Sample Leeter for Work Delay by fhy40545


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									December 1, 2009

Dear Parents and Guardians:

The winter season will soon be upon us. Our district staff understands that our decision
to open or close schools in bad weather has a big effect on families. We also understand
that our students are better served, both academically and socially, by being in school.
However, our top priority is the safety of our students.

Many times conditions improve within a couple of hours. With this in mind, Amherst
Schools will be instituting a two-hour delay option. We are implementing the delay
option due to the State’s move to reduce calamity days from five to three next year. With
this option, school will begin two hours later than the normal start times. This allows
time for work crews or the weather to improve without counting as a calamity day on the
school calendar.

During a two-hour delay, buses will run two hours later than normal.

PLEASE NOTE: If a two-hour delay is announced, morning kindergarten and
morning preschool classes will be canceled. Afternoon kindergarten and afternoon
preschool will run a normal schedule at the normal times.

When there is a possibility of bad weather or an electrical outage, please pay close
attention to the radio and TV announcements to check whether Amherst is closed or on a
two-hour delay.

Sometimes a two-hour delay may be announced, but because conditions have not
improved as expected, the schools may close. Be sure to check back with the radio, TV,
or Internet for updates throughout the morning.

Please be advised that if the Amherst Schools are announced as closed, that is a final
decision and will not be changed.

How do we make our decision?
We make the decision to close or delay school in bad weather based on a careful analysis
of all relevant factors, including:

   •   Information on road conditions from transportation staff and other local officials.
       We must give careful consideration to the most dangerous roads in the District.

       Although one street looks clear, travel elsewhere in the district may be dangerous.
       Also, we must consider that some high school students drive to school.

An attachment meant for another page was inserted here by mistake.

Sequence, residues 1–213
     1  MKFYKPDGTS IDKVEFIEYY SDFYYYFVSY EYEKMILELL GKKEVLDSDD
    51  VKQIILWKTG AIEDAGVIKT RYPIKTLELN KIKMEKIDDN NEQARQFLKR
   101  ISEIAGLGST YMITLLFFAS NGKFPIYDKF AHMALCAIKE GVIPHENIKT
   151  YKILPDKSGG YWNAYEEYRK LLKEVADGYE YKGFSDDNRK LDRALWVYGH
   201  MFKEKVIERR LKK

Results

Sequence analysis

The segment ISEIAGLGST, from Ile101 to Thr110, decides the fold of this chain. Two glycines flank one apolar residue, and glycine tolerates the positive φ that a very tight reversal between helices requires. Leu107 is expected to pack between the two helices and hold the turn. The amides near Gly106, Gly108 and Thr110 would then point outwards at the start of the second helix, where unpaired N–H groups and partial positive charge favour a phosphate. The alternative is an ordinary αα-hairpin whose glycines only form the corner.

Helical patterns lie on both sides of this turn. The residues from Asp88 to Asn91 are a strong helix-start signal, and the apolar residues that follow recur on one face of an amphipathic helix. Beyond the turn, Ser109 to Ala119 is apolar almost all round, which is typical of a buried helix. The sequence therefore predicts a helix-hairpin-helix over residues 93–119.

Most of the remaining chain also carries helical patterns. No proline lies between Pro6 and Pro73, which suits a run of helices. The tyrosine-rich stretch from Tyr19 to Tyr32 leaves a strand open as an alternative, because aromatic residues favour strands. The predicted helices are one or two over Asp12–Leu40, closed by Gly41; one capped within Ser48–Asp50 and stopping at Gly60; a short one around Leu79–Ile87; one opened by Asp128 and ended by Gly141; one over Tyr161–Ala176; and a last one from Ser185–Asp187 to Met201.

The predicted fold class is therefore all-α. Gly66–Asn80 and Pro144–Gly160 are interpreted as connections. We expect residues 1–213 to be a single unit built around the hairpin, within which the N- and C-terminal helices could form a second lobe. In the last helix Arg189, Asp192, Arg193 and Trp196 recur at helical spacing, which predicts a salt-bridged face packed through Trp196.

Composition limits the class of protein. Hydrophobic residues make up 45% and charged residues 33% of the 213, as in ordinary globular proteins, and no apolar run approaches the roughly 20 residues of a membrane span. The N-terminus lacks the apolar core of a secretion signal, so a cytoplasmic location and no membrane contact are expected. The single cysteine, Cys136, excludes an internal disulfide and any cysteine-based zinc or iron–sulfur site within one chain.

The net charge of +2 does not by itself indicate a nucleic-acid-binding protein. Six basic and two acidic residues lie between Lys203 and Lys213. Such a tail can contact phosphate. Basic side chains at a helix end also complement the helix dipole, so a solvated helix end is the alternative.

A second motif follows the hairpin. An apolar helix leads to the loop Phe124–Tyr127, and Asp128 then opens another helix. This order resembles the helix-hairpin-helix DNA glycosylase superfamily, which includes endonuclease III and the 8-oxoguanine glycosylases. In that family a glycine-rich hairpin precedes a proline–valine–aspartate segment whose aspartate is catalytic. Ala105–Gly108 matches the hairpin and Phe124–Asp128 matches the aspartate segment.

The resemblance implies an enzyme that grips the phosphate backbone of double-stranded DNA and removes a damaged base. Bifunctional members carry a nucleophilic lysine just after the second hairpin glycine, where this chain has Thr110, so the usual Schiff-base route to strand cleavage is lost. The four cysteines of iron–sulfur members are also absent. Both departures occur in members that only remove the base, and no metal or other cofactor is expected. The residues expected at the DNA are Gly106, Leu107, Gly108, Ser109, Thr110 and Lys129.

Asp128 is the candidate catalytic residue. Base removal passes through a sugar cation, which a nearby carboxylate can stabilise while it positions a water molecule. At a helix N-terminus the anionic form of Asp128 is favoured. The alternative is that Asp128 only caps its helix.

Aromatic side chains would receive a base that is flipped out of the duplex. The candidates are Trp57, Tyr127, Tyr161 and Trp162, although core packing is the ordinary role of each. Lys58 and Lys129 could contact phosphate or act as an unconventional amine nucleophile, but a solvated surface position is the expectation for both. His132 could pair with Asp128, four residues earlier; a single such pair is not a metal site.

•   Amount of snow and ice accumulation.
   •   Lack of electricity/heat in buildings.

   •   Temperature and wind chill. Some of our students walk to school, and some must
       wait outside for the bus.
   •   Weather predictions. We prefer to make our decision on factors other than
       weather predictions, which are not always accurate, but sometimes this is
   •   Decision of neighboring districts. We also share information with other local
       districts and check whether they are opening or closing.

Who makes the decision?
As superintendent of schools, I am responsible for the final decision, based on the above

How is the public notified?
Tune to WEOL-AM 930, WOBL-AM 1320, and Television News Channels 3, 5, or 8; as
well as the Internet sites,,,, for the TV stations for up-to-date information on school
closings and the Amherst Schools Website,

When is the decision made?
The decision must be made by approximately 6:00 AM or earlier so we can notify radio,
TV stations, and staff.

Can the decision to stay open be reversed?
Keep in mind, even if weather conditions worsen, we cannot reverse our decision in the
morning without endangering students. Once we make the decision to open the schools,
many parents rely on our decision and leave for work. If we then send students right
back home, many will return to unsupervised bus stops and empty houses. If conditions
get worse during the school day, we may need to have an early dismissal. Each building
has a process in place to deal with early dismissal scenarios.

Although we do our absolute best in this process, we know that often no perfect decision
exists. If you feel that it is unsafe for your child to attend school, use your best judgment
on whether he or she should attend.

We hope this explanation helps everyone understand the process our staff uses to make
the best possible decision for everyone in our District.

Thank you and best wishes for a Happy Holiday Season.

Steven A. Sayers

December 1, 2009


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